The spreading coefficient is one of the most important properties when evaluating the capacity of a solution to coat a surface of interest. The spreading coefficient (Ws), calculated from Equation (8), is always negative, and values closer to zero indicate better surface wetting by the tested liquid [42]. Notably, the sodium alginate solution containing the OEO nanoemulsion exhibited higher values of the spreading coefficient. Likely, the addition of the nanoemulsion contributed to reducing the surface tension and to improve the adhesion on the tomato surface.
It must be remarked that the deposition of the alginate coating on the tomato surface, with or without OEO nanoemulsion, did not significantly affect the color of tomatoes, as shown by the pictures of coated samples in Figure S2 and by the instrumental measurements reported in Table S3 of the Supplementary Material.

3.6. Effect of Coatings on Microbial Growth and Shelf Life of Tomatoes

Initial bacterial counts determined for uncoated and coated tomatoes ranged between 2.0 and 2.6 log CFU/g (Figure 8). No statistically significant differences were observed between the microorganism counts after one day of the storage period.
Total bacterial counts in uncoated samples increased slowly at the beginning, and then exponentially after three days of storage at room temperature. The microbial count became maximal between days 7 and 10, when it exceeded the acceptability limit for fresh tomatoes (6 log CFU/g; European Community Regulation n. 1441/2007). The samples coated with calcium chloride cross-linked alginate approached the acceptability limits during the same days; however, the presence of the coating contributed to a significantly (p < 0.05) slower microbial growth when compared to control. The use of the active coating, prepared with the OEO nanoemulsion, contributed to maintaining the total microbial count well below the acceptability limits, with values < 4.5 log CFU/g during the entire shelf life, and significantly lower (p < 0.05) than control and coating without OEO at days 7 and 10. The bacteriostatic action of the cross-linked alginate edible coating can be ascribed to the previously observed selective barrier properties against O2 and CO2 of alginate coatings [43]. Moreover, the obtained results show that the incorporation of OEO nanoemulsion greatly contributes to slowing down microbial growth.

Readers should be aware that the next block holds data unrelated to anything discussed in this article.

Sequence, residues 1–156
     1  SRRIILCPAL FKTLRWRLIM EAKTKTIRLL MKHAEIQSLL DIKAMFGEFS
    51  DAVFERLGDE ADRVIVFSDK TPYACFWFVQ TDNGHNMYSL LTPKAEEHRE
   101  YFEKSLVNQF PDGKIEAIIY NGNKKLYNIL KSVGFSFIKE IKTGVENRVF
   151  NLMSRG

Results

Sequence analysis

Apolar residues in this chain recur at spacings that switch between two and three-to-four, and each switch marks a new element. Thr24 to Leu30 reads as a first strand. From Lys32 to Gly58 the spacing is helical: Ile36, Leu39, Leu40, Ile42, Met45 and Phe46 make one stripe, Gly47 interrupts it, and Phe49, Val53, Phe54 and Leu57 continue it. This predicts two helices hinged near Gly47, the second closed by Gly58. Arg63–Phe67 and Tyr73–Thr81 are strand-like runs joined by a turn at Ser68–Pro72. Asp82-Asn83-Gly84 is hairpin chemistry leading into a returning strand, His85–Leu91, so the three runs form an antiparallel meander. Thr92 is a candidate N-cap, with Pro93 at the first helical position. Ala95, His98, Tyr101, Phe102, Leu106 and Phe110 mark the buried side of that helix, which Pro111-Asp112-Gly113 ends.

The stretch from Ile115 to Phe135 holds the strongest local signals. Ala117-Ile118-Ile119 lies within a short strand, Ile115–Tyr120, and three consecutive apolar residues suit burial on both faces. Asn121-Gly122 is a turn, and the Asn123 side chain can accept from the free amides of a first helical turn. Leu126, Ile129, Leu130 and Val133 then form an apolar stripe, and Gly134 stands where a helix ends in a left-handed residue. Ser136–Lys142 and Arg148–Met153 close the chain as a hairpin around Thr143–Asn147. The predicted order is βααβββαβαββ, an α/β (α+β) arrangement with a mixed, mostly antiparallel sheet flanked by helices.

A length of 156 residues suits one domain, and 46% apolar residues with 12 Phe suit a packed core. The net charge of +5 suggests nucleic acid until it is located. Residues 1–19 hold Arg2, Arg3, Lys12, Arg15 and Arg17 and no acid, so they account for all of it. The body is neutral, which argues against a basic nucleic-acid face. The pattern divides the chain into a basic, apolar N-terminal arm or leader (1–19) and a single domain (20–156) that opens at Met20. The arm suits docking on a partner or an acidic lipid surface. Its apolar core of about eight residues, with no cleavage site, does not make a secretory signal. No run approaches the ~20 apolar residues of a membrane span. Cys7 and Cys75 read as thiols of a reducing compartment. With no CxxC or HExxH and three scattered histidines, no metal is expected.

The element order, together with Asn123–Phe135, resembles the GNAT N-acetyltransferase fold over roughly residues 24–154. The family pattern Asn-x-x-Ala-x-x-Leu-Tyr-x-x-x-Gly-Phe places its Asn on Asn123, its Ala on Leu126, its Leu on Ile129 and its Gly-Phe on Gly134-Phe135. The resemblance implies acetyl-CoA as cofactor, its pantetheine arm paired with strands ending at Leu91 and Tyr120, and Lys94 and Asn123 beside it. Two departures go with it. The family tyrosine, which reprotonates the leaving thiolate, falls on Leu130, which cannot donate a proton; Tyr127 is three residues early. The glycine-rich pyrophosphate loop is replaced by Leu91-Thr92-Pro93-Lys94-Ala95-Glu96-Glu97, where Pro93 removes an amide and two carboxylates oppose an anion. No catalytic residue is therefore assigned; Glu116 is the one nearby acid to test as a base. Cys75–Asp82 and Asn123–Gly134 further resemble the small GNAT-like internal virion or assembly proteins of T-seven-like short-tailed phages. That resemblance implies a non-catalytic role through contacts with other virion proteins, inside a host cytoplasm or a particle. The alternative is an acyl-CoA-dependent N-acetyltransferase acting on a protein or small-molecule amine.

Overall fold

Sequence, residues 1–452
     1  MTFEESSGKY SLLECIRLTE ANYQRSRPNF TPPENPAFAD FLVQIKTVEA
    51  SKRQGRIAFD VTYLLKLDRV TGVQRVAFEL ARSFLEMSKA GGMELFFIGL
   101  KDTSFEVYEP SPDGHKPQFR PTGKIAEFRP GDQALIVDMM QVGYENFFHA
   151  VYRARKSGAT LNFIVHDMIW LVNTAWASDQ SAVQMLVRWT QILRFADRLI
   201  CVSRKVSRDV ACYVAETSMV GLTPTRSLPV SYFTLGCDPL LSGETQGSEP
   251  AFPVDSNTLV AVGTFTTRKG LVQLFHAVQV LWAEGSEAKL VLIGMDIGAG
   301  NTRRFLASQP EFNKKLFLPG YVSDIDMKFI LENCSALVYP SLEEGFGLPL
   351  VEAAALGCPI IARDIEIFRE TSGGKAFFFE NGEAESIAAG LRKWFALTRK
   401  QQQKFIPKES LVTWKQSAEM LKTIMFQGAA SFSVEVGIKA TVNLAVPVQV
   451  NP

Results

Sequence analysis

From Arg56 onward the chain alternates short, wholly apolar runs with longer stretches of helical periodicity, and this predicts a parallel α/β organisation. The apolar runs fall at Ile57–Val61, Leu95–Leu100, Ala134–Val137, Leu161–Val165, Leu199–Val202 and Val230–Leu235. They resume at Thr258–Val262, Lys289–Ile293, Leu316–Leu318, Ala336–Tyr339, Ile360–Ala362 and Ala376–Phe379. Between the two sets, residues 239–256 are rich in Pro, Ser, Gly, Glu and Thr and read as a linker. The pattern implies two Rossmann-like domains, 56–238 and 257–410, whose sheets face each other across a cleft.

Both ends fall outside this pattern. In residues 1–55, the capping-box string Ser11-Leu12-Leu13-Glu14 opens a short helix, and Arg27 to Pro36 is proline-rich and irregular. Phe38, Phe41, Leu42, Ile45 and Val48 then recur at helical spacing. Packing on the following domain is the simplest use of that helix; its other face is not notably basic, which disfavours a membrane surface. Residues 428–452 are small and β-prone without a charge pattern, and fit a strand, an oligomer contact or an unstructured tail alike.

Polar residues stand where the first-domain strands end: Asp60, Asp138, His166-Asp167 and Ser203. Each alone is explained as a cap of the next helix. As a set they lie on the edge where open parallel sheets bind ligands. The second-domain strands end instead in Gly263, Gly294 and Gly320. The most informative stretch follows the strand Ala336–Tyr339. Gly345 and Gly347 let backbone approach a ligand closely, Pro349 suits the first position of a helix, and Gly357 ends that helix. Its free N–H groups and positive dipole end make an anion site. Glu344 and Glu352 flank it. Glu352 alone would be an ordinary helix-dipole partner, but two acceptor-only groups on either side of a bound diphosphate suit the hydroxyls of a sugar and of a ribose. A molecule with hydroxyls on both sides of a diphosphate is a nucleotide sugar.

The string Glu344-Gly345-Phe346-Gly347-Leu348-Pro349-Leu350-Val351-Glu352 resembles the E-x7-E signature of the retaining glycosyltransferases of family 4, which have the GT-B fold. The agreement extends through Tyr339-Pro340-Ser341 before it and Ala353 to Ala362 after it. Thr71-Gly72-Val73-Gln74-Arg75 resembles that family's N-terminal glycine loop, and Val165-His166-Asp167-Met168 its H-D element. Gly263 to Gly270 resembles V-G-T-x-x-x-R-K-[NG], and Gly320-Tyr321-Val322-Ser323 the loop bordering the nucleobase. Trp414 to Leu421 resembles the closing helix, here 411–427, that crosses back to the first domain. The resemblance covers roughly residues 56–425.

Similarly to the aerobic mesophilic bacteria, coating significantly reduced the growth of yeasts and molds during storage compared to controls (Figure 9). Moreover, a significant difference between coated and control tomatoes was observed already from the first days of storage. During the entire storage period, molds and yeasts on coated tomatoes never exceeded 3 CFU/g, which was proposed as the limit for acceptability for nonthermal-processed fruit [44]. Notably, at the end of the shelf life, a reduced (of about 2.0 log cycles) yeast and mold population was observed for coated tomatoes in comparison with the control. These results are in line with those reported by other authors. Luksiene et al. 2012 reported inactivation levels between 1.0 and 1.3 log CFU/g of naturally distributed mesophilic bacteria in different fruit and vegetables, such as plum, cauliflower, sweet pepper, and strawberry [45]. Similar results have also been observed on other vegetable matrices, such as spinach, carrot, cabbage, and mushroom [46].
For molds and yeast, the incorporation of the OEO nanoemulsions in the coating caused statistically significant differences (p < 0.05) only from day 10.
The results of Figure 8 and Figure 9 show that the application of active edible coatings containing the OEO nanoemulsion contributed to further reducing the microbial growth on the tomato surface.
It must also be added that no significant impact on tomato color was observed during the entire shelf life, without any significant difference observed over time and between different groups (control tomatoes and tomatoes coated with alginate without and with OEO nanoemulsion), as shown in Table S3 of the Supplementary Material.

4. Conclusions

The deposition of an alginate coating layer, cross-linked with calcium chloride, was optimized as a function of the concentration of the coating solutions, finding that concentrations of 0.5% w/w for sodium alginate and of 2% w/w for calcium chloride were optimal for obtaining a thin (about 5 µm) and uniform coating layer on the tomato surface. The incorporation of an oregano essential oil (OEO) nanoemulsion in the optimized alginate coating solution did not significantly affect the resulting cross-linked coating thickness but improved tomato wettability because it conferred a more pronounced hydrophobic behavior to the solution. The active coatings prepared with OEO successfully reduced the growth of bacteria, yeasts, and molds on the surface of tomatoes stored for 14 days at ambient temperature, demonstrating that this could be a promising strategy to extend the shelf life of fresh fruit and vegetable during ambient-temperature storage.